Eating Disorders Do Not Discriminate

Eating disorders arise from a combination of long-standing behavioral, biological, emotional, psychological, interpersonal, and social factors (NEDA). Anyone can have an eating disorder, regardless of: race and ethnicity, gender identity, sexual orientation, socioeconomic status, age, and body weight/size/shape. Misconceptions about who is affected by eating disorders has historically been a barrier to treatment for those who feel they don’t fit the stereotypical image of someone with an eating disorder. The reality is that eating disorders affect diverse communities including persons of color, LGBTQ+ identified individuals, and persons of size. For more information on eating disorders in diverse bodies please visit: https://www.nationaleatingdisorders.org/identity-eating-disorders

Recovery Is Possible

Recovery from disordered eating patterns or a diagnosed eating disorder is absolutely possible. However, it’s a marathon, not a sprint. Very often, physical symptoms and nutrition improve first but negative, disordered cognitions persist. Research indicates that a multi-disciplinary approach is the most effective treatment for eating disorders. This means treatment should include a licensed therapist, registered dietitian nutritionist, medical provider, and if indicated, a psychiatrist. Many students don’t realize that all of these services are available on Brown’s campus through Counseling and Psychological Services and Health Services. If you or a friend is ready to get help, Brown can help you take the first step. It doesn’t matter if you call CAPS, Health Services, or the dietitian first. Start with whichever one you feel most comfortable with. From there, a provider will help you establish the rest of your treatment team.

Help At Brown

Brown University seeks to foster the intellectual, emotional, and physical well-being of students. In keeping with this goal, the University realizes the need for support and education around the topics of weight, body image, disordered eating, food preoccupation, and exercise obsession.

We have found that the pressures which Brown students experience can contribute to an increased emphasis on food, body image, and exercise. Brown students are faced with new living and eating situations. In a small community like ours, students often compare their eating and exercise habits to others. Unfortunately, these comparisons can lead to obsessions and unhealthy behaviors.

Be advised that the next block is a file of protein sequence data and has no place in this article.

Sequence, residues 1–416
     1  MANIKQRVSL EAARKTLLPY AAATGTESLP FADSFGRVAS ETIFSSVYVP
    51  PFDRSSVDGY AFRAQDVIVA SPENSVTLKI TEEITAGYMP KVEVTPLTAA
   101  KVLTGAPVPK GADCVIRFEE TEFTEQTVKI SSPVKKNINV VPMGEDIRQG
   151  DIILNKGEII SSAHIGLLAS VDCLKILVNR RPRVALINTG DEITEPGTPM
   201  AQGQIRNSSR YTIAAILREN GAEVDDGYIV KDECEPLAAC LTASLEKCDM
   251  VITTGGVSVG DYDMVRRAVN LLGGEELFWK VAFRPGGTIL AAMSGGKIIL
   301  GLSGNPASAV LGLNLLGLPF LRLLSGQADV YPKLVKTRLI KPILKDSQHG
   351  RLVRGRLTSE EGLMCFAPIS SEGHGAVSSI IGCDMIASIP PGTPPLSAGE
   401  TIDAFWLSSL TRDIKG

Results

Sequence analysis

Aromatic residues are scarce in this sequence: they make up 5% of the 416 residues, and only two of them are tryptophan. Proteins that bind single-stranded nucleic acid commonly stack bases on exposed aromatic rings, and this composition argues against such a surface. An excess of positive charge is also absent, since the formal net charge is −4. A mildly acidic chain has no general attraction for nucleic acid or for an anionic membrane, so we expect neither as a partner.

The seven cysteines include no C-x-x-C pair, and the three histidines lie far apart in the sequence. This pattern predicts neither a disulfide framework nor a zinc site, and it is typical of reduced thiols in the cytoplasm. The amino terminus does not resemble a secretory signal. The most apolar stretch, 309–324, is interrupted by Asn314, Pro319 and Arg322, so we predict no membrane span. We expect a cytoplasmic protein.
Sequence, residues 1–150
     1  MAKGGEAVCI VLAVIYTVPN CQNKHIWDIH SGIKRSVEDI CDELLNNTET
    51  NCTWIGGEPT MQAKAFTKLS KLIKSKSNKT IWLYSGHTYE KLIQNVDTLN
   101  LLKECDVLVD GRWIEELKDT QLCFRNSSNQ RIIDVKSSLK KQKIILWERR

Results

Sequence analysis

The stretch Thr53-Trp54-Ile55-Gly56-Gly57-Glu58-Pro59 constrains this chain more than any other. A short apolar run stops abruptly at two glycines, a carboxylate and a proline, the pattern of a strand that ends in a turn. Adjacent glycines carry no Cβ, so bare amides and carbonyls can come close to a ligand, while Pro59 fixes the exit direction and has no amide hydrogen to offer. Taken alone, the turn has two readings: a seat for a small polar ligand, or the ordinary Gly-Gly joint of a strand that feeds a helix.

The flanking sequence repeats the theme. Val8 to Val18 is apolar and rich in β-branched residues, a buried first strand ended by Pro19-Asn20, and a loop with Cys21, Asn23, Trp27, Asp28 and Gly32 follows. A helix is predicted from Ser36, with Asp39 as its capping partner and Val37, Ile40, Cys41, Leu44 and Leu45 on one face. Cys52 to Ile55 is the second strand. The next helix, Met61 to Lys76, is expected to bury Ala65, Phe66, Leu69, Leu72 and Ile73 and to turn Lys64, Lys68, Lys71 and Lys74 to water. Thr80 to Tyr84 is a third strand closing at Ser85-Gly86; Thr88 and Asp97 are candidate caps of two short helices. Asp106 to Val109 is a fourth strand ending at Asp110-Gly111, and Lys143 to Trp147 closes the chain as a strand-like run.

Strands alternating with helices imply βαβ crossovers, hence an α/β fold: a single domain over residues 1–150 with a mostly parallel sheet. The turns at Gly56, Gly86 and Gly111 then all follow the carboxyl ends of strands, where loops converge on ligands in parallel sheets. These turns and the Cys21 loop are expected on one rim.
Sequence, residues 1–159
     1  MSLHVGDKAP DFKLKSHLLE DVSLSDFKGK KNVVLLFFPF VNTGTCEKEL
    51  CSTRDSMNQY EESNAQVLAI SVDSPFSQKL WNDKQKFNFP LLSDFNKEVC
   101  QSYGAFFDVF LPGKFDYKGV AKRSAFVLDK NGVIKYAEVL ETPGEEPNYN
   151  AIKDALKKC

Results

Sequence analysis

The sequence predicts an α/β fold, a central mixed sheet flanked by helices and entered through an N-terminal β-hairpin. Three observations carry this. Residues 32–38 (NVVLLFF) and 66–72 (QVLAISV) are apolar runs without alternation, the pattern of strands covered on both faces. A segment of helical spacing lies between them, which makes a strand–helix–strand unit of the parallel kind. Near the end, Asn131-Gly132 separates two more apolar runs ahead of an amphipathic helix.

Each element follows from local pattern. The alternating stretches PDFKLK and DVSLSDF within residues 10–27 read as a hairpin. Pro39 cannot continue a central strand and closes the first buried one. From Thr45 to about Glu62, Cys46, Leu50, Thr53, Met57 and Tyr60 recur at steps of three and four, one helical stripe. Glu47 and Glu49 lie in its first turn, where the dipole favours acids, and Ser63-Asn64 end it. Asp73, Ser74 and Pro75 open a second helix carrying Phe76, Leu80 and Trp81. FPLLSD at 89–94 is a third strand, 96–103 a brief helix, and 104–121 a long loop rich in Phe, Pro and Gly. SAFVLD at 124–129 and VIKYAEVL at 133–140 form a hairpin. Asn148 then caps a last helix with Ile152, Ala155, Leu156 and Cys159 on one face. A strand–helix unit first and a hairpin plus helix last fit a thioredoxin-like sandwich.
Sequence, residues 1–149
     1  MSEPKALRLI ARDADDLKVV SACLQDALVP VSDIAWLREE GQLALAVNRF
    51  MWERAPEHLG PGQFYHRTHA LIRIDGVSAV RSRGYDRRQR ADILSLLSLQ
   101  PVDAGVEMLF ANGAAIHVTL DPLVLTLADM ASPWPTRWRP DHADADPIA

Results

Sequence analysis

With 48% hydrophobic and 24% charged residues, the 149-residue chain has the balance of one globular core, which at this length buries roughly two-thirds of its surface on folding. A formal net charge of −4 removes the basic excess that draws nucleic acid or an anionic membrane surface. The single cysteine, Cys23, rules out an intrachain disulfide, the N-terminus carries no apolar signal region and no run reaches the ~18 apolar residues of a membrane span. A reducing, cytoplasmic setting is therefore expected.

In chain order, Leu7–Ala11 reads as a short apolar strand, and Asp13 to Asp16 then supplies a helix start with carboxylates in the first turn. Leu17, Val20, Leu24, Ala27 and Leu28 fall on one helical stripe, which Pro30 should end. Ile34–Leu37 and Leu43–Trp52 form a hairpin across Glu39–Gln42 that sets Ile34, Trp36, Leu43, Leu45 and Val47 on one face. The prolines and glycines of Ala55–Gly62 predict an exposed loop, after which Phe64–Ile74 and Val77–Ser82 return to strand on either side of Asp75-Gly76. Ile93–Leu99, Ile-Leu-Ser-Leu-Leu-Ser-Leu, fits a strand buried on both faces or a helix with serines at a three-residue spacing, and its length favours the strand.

Eating disorders affect people emotionally, socially, and physically. Therefore, individualized treatment utilizes the expertise of a variety of clinical specialists. These professionals are available to you as a Brown student:

  • Physicians/Physician Assistants/Nurse Practitioners: for medical evaluations and ongoing monitoring, irregular menses, bone health, and symptom management.
  • Psychotherapists: for counseling around eating concerns and any co-existing issues such as stress, depression, anxiety, and OCD.
  • Psychiatrists: when indicated, for  medication evaluation to help manage cognitive and emotional symptoms.
  • Registered Dietitian Nutritionist: for assistance in addressing barriers to healthy, normal eating and activity patterns, as well as achieving a healthy relationship with food.

On-Campus Resources

An eating disorder can have short and long-term health consequences, and can impair your capacity to develop in all the ways you can and should at this time in your life. 

If you think your relationship with food, exercise, or body image is becoming a problem, or if after taking the online eating disorder screen professional help is indicated, get support right away from one or all of the following campus resources.   

Counseling and Psychological Services
401.863-3476

Health Services 
401.863-3953

Health Services Registered Dietitian Nutritionist
401.863-3558

Student Support Services
401.863-3145

All of these services are free of charge for Brown students.

The Boston College Eating Awareness Team has generously allowed us to adapt their information on eating concerns. We gratefully acknowledge their help.

Recommended Websites

Association of Size Diversity and Health (ASDAH): www.sizediversityandhealth.org 

Binge Eating Disorder Association (BEDA):  www.bedaonline.com

National Association of Anorexia Nervosa and Associated Disorders: www.anad.org

National Association for Men with Eating Disorders (N.A.M.E.D): www.namedinc.org

National Eating Disorders Association (NEDA): www.nationaleatingdisorders.org

Project Heal: www.theprojectheal.org

PHONE NUMBERS